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With the surge in online and mobile transactions over the past few years, digital bank fraud has become more prevalent than ever. Fraudsters have gotten more creative in their ways of hacking into your accounts, and stealing your information and money.

To make sure your online banking activities are safe and secure, banks enforce an extra layer of protection for your transactions in the form of a One-Time Password (OTP).

What’s an OTP?

Simply put, an OTP is an automatically generated numeric or alphanumeric code sent via SMS or email that verifies a user for a transaction.

How does an OTP work?

With an OTP, you need to go through an extra step in the login process or payment transaction to verify that you’re the account owner. When triggered, the app or website requires an OTP before completing a transaction. The OTP is sent by your bank to your registered mobile number or email, and expires in five minutes or less.

Every OTP you receive is unique and generated specifically for the transaction you’re
making. This helps prevent fraudsters from accessing your login credentials and
stealing from your account.

How to keep your OTP secure

  1. Never share your OTP with anyone. This includes your family members, friends, and people claiming to be representatives of your bank, telco, and subscription networks. Service providers NEVER ask for your OTP. If someone contacts you and urgently asks for your OTP, immediately change your password and report the fraud attempt to your bank.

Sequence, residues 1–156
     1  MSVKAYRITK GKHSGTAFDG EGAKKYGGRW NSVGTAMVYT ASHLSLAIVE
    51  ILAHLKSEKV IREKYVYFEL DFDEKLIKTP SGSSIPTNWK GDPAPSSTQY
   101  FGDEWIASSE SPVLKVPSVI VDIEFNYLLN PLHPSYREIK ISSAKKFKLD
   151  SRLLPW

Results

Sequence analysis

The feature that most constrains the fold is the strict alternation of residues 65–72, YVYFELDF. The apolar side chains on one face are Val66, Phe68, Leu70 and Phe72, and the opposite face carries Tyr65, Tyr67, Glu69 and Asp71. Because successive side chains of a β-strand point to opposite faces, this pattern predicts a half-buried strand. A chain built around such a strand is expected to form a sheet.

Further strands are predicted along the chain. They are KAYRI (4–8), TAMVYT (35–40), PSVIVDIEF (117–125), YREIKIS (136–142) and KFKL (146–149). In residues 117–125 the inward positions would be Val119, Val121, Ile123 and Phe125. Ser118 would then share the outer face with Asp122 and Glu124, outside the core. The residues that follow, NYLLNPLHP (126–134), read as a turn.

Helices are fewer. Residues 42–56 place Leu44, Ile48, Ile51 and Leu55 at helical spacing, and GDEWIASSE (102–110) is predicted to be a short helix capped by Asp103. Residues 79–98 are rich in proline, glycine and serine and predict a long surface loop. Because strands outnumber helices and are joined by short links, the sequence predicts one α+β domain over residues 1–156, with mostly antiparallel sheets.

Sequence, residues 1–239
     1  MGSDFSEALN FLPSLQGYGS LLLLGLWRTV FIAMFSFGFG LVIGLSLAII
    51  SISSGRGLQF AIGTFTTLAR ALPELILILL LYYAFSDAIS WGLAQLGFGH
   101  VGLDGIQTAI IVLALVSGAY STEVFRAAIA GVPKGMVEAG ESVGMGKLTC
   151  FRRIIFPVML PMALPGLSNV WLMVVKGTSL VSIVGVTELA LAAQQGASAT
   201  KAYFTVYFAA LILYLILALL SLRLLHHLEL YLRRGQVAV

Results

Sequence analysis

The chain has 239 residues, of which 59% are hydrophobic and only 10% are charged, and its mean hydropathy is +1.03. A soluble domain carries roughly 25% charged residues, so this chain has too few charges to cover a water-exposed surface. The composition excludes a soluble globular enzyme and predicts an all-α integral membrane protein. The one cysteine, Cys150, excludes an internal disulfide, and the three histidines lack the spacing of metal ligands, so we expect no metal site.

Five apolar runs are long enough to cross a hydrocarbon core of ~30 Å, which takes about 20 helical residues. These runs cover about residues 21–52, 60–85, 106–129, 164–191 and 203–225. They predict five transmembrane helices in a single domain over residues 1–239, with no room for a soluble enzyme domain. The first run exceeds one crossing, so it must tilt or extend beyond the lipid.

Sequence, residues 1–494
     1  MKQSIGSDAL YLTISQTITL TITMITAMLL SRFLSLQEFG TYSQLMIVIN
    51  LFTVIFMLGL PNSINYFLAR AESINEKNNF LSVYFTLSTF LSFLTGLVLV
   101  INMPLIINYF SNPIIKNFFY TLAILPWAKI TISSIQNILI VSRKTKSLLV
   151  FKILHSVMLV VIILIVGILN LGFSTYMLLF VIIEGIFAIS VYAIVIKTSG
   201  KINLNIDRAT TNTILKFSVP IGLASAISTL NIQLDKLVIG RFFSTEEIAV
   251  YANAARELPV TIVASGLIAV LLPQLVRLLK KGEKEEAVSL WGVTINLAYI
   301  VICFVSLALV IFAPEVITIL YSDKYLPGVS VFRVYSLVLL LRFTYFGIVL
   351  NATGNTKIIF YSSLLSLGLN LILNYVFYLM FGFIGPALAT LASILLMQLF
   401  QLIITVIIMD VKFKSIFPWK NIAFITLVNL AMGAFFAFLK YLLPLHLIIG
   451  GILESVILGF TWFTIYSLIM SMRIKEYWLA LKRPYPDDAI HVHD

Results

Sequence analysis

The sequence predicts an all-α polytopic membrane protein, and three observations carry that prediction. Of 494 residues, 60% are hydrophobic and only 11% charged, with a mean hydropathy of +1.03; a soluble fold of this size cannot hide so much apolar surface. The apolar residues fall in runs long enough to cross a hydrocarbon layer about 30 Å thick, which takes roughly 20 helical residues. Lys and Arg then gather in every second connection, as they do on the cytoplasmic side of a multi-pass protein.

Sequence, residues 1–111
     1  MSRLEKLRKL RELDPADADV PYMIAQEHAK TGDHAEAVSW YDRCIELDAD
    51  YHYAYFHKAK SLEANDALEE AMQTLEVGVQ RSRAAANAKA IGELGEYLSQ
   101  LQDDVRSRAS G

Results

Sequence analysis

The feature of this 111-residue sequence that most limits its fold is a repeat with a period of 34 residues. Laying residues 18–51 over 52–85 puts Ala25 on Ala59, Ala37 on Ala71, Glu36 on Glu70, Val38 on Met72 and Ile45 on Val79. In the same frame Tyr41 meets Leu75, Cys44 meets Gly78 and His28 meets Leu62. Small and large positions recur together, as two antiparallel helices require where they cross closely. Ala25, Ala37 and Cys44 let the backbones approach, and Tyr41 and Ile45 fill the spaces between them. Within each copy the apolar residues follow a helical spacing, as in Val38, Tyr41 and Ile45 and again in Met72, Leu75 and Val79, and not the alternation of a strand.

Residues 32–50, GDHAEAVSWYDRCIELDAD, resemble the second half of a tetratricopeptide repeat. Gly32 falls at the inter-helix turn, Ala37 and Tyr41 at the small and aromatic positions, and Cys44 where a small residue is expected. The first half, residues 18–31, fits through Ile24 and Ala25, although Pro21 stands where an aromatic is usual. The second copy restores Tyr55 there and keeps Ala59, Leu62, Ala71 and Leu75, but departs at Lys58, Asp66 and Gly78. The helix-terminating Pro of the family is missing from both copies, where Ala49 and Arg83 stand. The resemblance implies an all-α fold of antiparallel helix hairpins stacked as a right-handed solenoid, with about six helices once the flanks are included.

2. Limit the devices you use for transactions. Your banking apps and accounts should only be accessed through one device. This makes it easy for you to know if an OTP request is being made for your account. If you receive an OTP and you didn’t make a transaction, call your bank to report the suspicious activity, and change your login details right away.
  3. If you lose your phone, report it immediately. OTPs are sent to your mobile number. If your phone gets stolen, fraudsters can receive the OTPs triggered by their takeover attempts of your account, and ultimately steal your money. It’s best to call your telco and bank right away so they can block your number and account in the event that you misplace or lose your phone.

Remember, only you should know and enter your OTP directly on your mobile banking app or a secure payment gateway.

Adapted from “How to keep your OTP secure

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